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Parshiyyot Matot-Masei 5777 — 07/22/2017

Parshiyyot Matot-Masei 5777 — 07/22/2017

Matot: Bamidbar 30:2 – 32:42

Mas’ei: Bamidbar 33:1 – 34:29

Our parashah contains a passage which delineates the boundaries of the Land of Israel – the Land in which our nation’s destiny and mission are to be realized. These boundaries serve as a physical demarcation between “our” Land and the lands of others, and they also demarcate the boundaries within which all the agricultural mitzvot are obligatory. Thus, it is a spiritual boundary as well as a political one. Perhaps this is not surprising – since the boundaries are specified in our eternal Torah, we would expect that their significance transcends ephemeral political considerations.

Ramchal emphasizes the spiritual nature of the boundary:

In the spiritual realms we find kedusha and tumah and a boundary separating them to prevent tumah from entering the realm of kedusha. Similarly, Eretz Yisrael is a place of kedusha and the areas outside the borders of Eretz Yisrael represent tumah – there was a necessity to set up boundaries there as well. These “boundaries” are spiritual aspects of Hashem’s attribute of strength used to prevent tumah from encroaching on the kedusha.

He continues:

These spiritual lights have the power to deflect tumah and safeguard kedusha. Although they act as a boundary against infiltration of tumah, they do not prevent the kedusha contained within these borders from spreading at the appropriate time. In the future the borders of Eretz Yisrael will be extended as the kedusha will totally overpower tumah and spread beyond these borders.

A physicist reading these quotes will probably have two thoughts: open systems vs closed systems and the Second Law of Thermodynamics, and semi-permeable membranes.

Allow me to explain.

The Second Law of Thermodynamics is the law of entropy. It states that in a closed system, entropy, or lack of structure, increases. This can be seen as an increase in tumah, which we have been theorizing is a sign of, or the force of, disintegration or decay. Our first quote appears to be telling us that the Land of Israel is a small island of growth and evolution in a vast sea of decay and disintegration, and the only way to maintain its own integrity is by having unassailable boundaries.

The second quote actually turns the first on its head. It describes the boundary as being not solid, but permeable only to kedusha. The kedusha of Eretz Yisrael can get out, but the tumah of the rest of the world cannot get in. This is called a semipermeable membrane – the filter in your reverse-osmosis water purifier is of this type. Now a semipermeable membrane, which lets certain molecules through, but retains others behind it, actually has the effect of decreasing entropy – after some time the concentration of the retained molecule is higher on one side of the membrane than on the other, relative to the molecule that is allowed through.

Perhaps the analogy is breaking down because we are thinking of tumah and kedusha as things, rather than as states. If we think of kedusha as a state of greater integration, for example, then we can well conceive of a kind of ordering “field effect” which goes beyond the boundaries that contain the kedusha and push back the tumah, or entropy. Thus we find, for example, that certain of the agricultural laws that technically apply only within Eretz Yisrael (e.g. tithing of agricultural produce), were extended Rabbinically to certain of the surrounding areas (in what is now Syria, or what used to be Syria).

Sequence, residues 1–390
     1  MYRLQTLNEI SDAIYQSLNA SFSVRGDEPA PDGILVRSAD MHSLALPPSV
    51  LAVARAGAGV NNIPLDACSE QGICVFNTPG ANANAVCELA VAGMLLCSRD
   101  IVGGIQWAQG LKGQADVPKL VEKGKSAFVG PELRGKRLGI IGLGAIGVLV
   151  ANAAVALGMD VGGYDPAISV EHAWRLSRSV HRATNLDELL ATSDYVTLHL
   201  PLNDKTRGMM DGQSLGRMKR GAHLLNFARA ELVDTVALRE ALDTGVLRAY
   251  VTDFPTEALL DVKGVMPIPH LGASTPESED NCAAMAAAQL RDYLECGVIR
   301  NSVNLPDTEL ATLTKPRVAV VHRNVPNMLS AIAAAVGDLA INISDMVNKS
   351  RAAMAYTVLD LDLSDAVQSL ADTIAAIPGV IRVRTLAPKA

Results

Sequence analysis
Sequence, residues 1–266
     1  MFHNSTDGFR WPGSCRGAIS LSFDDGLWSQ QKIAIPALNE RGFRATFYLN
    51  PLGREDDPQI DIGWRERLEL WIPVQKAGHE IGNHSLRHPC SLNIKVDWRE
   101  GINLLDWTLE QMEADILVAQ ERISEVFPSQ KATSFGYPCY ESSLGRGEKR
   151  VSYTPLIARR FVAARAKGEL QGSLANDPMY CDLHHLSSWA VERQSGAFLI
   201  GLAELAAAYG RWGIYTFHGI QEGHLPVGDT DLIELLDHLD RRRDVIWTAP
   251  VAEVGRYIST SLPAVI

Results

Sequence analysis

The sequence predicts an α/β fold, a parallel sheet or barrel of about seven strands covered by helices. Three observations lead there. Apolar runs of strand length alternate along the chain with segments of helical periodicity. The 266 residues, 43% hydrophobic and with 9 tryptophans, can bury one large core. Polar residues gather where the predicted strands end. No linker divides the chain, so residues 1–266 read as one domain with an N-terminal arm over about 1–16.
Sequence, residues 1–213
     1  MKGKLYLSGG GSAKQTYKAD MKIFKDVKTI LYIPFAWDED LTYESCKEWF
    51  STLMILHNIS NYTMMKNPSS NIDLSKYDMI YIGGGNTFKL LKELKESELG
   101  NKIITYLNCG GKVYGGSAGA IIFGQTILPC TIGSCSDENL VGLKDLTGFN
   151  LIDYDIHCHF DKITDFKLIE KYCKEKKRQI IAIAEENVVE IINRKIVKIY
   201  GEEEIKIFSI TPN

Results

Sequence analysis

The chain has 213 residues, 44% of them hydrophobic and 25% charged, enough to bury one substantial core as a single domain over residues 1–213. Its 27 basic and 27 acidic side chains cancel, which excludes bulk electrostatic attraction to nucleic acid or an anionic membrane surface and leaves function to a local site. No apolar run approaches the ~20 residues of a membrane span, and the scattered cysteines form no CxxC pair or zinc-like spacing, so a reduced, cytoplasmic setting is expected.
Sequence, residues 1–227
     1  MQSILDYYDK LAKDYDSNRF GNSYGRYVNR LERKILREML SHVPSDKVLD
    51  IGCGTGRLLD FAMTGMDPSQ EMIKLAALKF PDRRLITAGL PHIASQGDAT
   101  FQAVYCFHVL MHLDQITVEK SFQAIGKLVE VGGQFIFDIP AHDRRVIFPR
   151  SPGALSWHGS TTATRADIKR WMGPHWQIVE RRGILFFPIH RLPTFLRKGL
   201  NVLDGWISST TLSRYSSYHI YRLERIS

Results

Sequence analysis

These mitzvot at once reflect the increased kedusha of the nearby lands, and serve as a mechanism to increase that kedusha by having the inhabitants perform action in accordance with Gd’s Will. In other words, there is apparently a kind of tipping point in the degree of orderliness in an environment, beyond which further growth of orderliness is supported and sustained. But if one goes far enough away from the source of kedusha, the tumah is too strong, and we cannot sustain the full regimen of mitzvot. In fact, since the destruction of the Temple and the removal of its purifying and ordering influence, only some 277 of the 613 mitzvot can be performed – fewer than half!

I might also point out that the Rabbis decreed that all lands outside of Eretz Yisrael are considered tamei. Ostensibly this is because in other places people are not careful to mark the graves of their dead, so people may acquire tumah by accidentally walking over an unmarked grave. I think the subtext here is that outside of Eretz Yisrael there is an inherent level of entropy, disorderliness, that cannot really be overcome, except perhaps in isolated environments (such as a synagogue) where there is intense focus on kedusha.

In the Messianic age however, “the boundaries of Eretz Yisrael will expand” and carry the kedusha of Eretz Yisrael with it. Our mission is to prepare the way by creating pockets of order and harmony as best we can in whatever environment we find ourselves, and no matter what challenges we face from the forces of tumah. We can do this best by contacting the field of perfect order deep within ourselves, and bringing that value into our daily lives.